The International Students' Committee (ISC) has once again attracted the cream of the international business community to its 31st symposium at the University of St Gallen in northeastern Switzerland.This content was published on May 17, 2001 - 17:13
One thousand delegates, of whom 250 are students, were present for the opening of the meeting by Swiss justice minister, Ruth Metzler. She spoke of the symposium's importance in the Swiss economic calendar as she opened the three-day event.
The symposium is the second biggest gathering of business leaders in Switzerland after the World Economic Forum's annual meeting in Davos. But as Daniel von Heimender of the ISC told swissinfo this event is not a "junior Davos".
"A quarter of the delegates here are students and that brings a new input to the event, and we also focus much more on the programme content here."
The symposium has been running for the past 31 years, and came about as a result of the student demonstrations which swept across Europe in 1968. The ISC's Gregor Simon told swissinfo that the founders of the organisation wanted to look at a more constructive way of exploring new ideas than manning the barricades.
"They wanted the leaders of today and tomorrow to meet and have a creative dialogue to solve the problems of our time," said Simon.
This year's symposium is entitled "New Balance of Power" and looks at how the balance of power between business, non-governmental organisations, governments and the new economy is changing.
A host of top-level dignitaries, politicians and business people from across the world are present at the symposium, including Donald Soderquist, vice-chairman of United States-based group Wal-Mart, André Kudelski president of Switzerland's Kudelski Group and Stelios Jahi-Ioannou chairman of Britain's EasyGroup.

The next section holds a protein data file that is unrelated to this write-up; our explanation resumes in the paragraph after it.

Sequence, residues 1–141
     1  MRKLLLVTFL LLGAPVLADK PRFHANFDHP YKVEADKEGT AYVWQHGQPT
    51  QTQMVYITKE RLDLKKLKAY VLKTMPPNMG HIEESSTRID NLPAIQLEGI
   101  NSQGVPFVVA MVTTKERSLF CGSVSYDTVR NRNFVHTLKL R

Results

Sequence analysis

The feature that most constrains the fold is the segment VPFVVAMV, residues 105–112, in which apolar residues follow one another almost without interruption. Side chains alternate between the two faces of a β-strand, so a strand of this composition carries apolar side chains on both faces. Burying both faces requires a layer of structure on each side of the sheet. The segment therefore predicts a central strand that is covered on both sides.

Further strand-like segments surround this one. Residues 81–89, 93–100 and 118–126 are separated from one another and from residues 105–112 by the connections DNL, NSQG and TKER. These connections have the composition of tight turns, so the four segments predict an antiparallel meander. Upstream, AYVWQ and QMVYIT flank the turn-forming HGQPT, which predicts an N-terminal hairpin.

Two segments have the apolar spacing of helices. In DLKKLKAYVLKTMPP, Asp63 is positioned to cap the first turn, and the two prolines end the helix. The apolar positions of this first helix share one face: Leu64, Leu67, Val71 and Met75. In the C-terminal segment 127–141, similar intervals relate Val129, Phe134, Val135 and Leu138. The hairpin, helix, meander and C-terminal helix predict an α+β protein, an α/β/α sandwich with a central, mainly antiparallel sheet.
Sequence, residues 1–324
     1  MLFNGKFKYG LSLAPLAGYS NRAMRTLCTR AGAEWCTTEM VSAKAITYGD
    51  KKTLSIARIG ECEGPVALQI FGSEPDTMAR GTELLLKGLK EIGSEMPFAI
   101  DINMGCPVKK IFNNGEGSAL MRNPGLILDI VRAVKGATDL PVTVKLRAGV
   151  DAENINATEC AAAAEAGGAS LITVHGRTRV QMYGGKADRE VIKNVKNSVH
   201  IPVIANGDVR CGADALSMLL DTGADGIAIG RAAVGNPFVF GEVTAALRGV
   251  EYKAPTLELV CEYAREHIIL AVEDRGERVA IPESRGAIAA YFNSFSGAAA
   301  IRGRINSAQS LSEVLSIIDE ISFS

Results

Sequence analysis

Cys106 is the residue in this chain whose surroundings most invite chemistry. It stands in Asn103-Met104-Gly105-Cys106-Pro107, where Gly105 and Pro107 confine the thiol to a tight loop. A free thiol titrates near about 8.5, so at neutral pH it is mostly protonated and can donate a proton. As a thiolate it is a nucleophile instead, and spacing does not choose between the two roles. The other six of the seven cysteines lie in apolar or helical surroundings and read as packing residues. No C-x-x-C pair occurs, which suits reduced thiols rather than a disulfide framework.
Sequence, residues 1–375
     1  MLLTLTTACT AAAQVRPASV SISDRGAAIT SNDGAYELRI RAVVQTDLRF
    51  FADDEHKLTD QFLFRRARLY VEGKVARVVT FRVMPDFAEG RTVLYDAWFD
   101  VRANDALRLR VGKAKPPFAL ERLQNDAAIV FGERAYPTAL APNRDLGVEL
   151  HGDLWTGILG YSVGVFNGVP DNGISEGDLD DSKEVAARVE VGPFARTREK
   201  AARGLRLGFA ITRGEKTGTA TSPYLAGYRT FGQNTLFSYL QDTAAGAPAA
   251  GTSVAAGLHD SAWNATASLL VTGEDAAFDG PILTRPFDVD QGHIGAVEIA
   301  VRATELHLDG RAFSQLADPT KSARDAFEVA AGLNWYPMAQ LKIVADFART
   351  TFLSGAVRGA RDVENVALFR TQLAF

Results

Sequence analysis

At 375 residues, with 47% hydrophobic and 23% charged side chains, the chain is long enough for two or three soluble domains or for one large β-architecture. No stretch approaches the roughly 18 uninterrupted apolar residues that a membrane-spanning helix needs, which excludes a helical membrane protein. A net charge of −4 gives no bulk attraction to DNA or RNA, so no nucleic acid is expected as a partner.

They are rubbing shoulders with the specially selected student delegates, who are all winners of the Wings of Excellence Award. This is an annual essay competition posted in 500 universities across the globe, and each of the winners gets to present their work to the plenary assembly.
"The student winners have very interesting thoughts that they can bring into today's business and political life," explained Gregor Simon.
Among the delegates attending is Walter Kirschleger, president of the University of Lucerne. He told swissinfo that he especially enjoyed the dialogue between students and business.
"The main achievement of the event is to create and promote a dialogue - an exchange between the leaders of today and the leaders of tomorrow," explained Kirschleger. "It's a dialogue where both sides listen and both sides make contributions."
Other participants were also impressed by the way in which debates are organised at the ISC. Business woman Christine Wunderburg told swissinfo that the atmosphere on the St Gallen university campus was intellectually very stimulating.
"It gives me a feel for what's going on intellectually in the world from the three dimensions of politics, science and economics," said Wunderburg. "Melded together it's a wonderful experience particularly with the youngsters who take such an active part in the event."
The ISC Symposium manages what many other events of this sort fail to do. Through the involvement of students from across the world it forces the "powers that be" to listen to new ideas and answer the questions.
One thing that certainly stands out in St Gallen is the absence of demonstrations that have become something of a trademark for other international business gatherings.
by Tom O'Brien
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